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Mixed Nut Brittle and Chocolate Coins for St. Nicholas & Hanukkah




Chocolate Coins

Chocolate Coins

DSCN6107                                                              Simple Mixed Nut Brittle for St. Nicholas 

I’ll be talking this Thursday with Matt Swaim, as usual, on the Sonrise Morning show. We’ll be chatting about the feast of St. Nicholas.

First, some history. Nicholas, born in a section of Greece which is now part of Turkey.

Nicholas came from wealthy parents who died when he was young. They taught him good Christian values, and he used his whole inheritance to assist the needy, the sick, and the suffering. Each night, Nicholas would disguise himself and deliver such items as food, clothing and money to the people of his village.

Of all the townspeople, Nicholas felt the closest bond with one specific family. This family had lost all their money, and the father needed to support his three daughters who could not find husbands because of their poverty. In those days a dowry was necessary to marry. Nicholas became informed of this, and anonymously took a bag of gold coins  and threw it into an open window of the man’s house in the night. The legend is that it landed in a pair of shoes or socks that were left by the fire to dry. He gave the other 2 daughters enough gold for their dowries, too.

This led to the custom of children hanging stockings or putting out shoes, eagerly awaiting gifts from Saint Nicholas. Where does Santa Claus fit in this picture?

It was the Dutch protestants actually of New Amsterdam (New York)  who introduced us to Sint Klaes/Santa Claus/Saint Nicholas.

And so at the beginning of Advent, we celebrate his feast day on December 6 by filling stockings with small gifts and also we put in fruit: a pomegranate. When we were kids, we put our regular socks on the bed posts. Now we hang fancy stockings on the mantle.

Along with gold chocolate coins associated with the feast (and also with Hanukkah)  is an almond candy, sort of like a brittle. Here’s an easy brittle recipe adapted from Melanie Barnard and a chocolate coin recipe  to share.


Chock full of nuts. That’s why I call it “loaded”. If you want more of brittle, use less nuts. Any nuts are good to use. I like a combo, but all almonds would be traditional. Here’s my latest adaptation.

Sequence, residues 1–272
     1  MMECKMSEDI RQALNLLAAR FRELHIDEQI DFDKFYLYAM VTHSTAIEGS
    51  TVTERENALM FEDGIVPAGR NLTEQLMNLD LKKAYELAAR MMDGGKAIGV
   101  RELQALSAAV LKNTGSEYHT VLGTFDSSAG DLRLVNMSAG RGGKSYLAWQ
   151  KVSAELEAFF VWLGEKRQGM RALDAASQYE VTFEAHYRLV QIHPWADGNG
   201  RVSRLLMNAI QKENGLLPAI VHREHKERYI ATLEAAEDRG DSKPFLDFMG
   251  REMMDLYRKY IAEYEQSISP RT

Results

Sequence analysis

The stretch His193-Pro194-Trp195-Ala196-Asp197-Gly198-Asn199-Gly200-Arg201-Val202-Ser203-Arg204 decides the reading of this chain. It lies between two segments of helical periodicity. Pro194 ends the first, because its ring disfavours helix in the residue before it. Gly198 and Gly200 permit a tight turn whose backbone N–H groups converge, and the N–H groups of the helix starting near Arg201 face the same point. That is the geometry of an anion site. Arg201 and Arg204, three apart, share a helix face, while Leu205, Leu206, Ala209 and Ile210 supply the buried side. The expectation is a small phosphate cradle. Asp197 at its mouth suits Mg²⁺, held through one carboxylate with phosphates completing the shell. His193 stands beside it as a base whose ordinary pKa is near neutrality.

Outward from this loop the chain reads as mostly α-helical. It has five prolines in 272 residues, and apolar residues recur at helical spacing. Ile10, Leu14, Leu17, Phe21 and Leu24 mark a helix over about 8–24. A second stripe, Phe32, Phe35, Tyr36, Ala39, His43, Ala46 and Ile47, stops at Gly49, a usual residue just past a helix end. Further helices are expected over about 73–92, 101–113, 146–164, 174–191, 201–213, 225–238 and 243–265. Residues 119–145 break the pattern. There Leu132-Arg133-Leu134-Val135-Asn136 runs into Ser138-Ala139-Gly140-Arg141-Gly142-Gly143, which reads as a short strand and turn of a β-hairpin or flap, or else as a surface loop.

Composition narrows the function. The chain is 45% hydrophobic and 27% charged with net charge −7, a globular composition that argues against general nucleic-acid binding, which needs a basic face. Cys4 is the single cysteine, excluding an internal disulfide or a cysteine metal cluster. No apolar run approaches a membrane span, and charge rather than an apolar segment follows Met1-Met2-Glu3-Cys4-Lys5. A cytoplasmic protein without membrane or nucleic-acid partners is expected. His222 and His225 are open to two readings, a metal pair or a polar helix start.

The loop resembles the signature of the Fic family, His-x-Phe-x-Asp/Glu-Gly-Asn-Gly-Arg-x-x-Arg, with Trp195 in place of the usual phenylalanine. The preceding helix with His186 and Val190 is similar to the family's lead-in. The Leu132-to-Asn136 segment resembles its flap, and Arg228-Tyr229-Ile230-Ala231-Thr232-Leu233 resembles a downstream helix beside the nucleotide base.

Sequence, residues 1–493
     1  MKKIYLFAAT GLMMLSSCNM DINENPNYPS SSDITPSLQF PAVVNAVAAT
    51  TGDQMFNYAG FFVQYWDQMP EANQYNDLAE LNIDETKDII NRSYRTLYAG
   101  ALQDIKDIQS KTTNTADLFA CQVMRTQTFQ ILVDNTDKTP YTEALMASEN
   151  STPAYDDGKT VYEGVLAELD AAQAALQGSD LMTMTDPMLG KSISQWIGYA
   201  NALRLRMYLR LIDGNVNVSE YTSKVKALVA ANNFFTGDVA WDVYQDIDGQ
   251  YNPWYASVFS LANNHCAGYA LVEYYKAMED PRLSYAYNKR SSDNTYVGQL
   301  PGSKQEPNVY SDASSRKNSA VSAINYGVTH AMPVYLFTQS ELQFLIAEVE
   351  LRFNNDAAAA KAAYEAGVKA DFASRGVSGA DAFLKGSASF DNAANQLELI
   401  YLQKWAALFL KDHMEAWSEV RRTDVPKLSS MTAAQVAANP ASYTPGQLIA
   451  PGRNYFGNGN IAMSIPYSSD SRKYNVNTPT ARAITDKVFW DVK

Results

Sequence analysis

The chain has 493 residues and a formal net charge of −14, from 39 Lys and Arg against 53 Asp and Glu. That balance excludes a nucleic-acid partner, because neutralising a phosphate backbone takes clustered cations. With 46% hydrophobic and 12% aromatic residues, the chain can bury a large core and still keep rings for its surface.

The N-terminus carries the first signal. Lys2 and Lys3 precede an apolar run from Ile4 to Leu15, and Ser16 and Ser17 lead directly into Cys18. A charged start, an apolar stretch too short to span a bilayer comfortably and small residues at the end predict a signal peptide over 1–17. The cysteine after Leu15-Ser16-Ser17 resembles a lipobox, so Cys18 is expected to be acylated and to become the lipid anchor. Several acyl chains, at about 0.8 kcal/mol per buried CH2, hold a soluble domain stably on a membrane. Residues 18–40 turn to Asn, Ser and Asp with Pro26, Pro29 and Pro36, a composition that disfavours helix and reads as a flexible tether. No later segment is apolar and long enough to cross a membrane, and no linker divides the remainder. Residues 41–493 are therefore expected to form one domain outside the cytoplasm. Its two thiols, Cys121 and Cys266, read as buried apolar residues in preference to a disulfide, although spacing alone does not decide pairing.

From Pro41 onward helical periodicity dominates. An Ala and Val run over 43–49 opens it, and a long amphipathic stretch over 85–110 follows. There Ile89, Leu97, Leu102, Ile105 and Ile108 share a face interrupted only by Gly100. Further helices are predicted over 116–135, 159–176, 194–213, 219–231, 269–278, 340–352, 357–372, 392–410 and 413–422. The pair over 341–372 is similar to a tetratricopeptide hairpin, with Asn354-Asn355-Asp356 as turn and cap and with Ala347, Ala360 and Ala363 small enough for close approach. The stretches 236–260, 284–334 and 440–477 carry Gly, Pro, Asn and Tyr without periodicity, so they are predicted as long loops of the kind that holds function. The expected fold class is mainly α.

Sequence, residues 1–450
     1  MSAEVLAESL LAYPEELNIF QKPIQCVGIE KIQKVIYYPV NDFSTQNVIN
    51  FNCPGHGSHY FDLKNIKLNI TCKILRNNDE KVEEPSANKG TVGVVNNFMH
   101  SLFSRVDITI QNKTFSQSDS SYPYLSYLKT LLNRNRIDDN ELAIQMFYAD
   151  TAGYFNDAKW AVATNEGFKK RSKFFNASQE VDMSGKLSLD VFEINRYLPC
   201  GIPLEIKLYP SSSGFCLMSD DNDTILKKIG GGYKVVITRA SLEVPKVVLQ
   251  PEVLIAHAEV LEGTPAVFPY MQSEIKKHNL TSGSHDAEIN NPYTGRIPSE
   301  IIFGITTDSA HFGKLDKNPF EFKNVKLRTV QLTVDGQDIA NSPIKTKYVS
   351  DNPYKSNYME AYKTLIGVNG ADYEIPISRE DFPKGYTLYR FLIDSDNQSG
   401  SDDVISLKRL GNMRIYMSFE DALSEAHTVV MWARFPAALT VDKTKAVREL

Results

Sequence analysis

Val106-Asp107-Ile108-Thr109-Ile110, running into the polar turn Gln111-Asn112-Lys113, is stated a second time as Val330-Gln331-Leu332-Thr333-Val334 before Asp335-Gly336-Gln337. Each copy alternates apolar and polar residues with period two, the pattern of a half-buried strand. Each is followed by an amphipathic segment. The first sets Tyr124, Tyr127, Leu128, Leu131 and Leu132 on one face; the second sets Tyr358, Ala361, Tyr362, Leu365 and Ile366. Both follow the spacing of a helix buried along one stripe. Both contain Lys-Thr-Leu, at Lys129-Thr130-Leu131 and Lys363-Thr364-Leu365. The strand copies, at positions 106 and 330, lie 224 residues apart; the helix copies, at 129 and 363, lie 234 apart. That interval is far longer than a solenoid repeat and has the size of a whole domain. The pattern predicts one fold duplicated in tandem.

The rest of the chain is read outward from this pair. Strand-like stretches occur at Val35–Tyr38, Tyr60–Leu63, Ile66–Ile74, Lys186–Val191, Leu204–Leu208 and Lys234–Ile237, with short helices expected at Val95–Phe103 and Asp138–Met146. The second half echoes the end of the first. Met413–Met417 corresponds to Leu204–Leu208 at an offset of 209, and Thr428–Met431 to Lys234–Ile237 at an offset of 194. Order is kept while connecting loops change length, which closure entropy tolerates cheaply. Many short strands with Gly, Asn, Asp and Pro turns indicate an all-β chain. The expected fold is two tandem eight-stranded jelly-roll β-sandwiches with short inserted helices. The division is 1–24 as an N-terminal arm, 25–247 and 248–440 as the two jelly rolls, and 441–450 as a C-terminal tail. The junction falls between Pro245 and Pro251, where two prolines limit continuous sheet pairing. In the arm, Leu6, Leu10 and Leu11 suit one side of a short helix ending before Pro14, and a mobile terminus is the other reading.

1/2 stick butter

1/2 cup sugar

2 tablespoons corn syrup – I’ve used both light and dark and prefer dark

1 teaspoon vanilla

1-1/2 cups salted mixed nuts or your favorite

Line cookie sheet with foil and spray it. Stir butter, sugar and corn syrup in heavy or nonstick pan over medium heat until sugar melts and mixture bubbles and becomes smooth. Cover and cook for 1 minute. Stir in vanilla and nuts and cook, stirring constantly, until nuts are fragrant and golden brown, about 5 minutes or so. You’ll see an opaque, foamy look to the brittle. If you drop a bit into some ice water, it will become what I call “hard crack stage”, and when you bite it, it will have the texture of a lollipop. Pour onto foil, spreading thin.  Cool and break apart.  Store, tightly covered, at room temperature up to a week.


Hanukkah commemorates the rededication of the Holy Temple/Second Temple in Jerusalem.  Hanukkah is observed for eight nights and days.  It is also known as the Festival of Lights and the Feast of Dedication.

The festival is observed by the kindling of the lights of  the nine-branched menorah, one additional light on each night of the holiday, progressing to eight on the final night.

Golden chocolate coins are part of the festival. You can make your own. Really easy and coins can be left plain for chocolate coins, or simply sprinkled with golden sugar sprinkles or painted with edible gold luster dust, nuts, whatever.

To melt on stove: Just melt 2 cups chocolate wafers on low heat in nonstick pan just until they are almost melted completely.  Remove from heat and stir until smooth.

To melt in microwave: place in microwave safe bowl and melt in 30 second intervals, stirring as you go, until they are almost melted. Remove and stir until smooth.

Drop a nice spoonful of melted chocolate into nonstick mini muffin pans. No need to overdo. Thinner coins look nicer than real thick. You’ll get 18-14 coins.

You can also just drop by spoonfuls onto parchment paper, then taking a spoon to smooth the top out a bit.

Sprinkling with gold sugar:  If using gold sugar sprinkle on as you go before chocolate starts to harden.

After hardening in refrigerator: Let harden and if using muffin tins turn pan over, tapping on bottom to push coins out.

To paint with edible gold luster: After coins are hardened, brush with luster. I turn mine upside down and brush the top and sides only.





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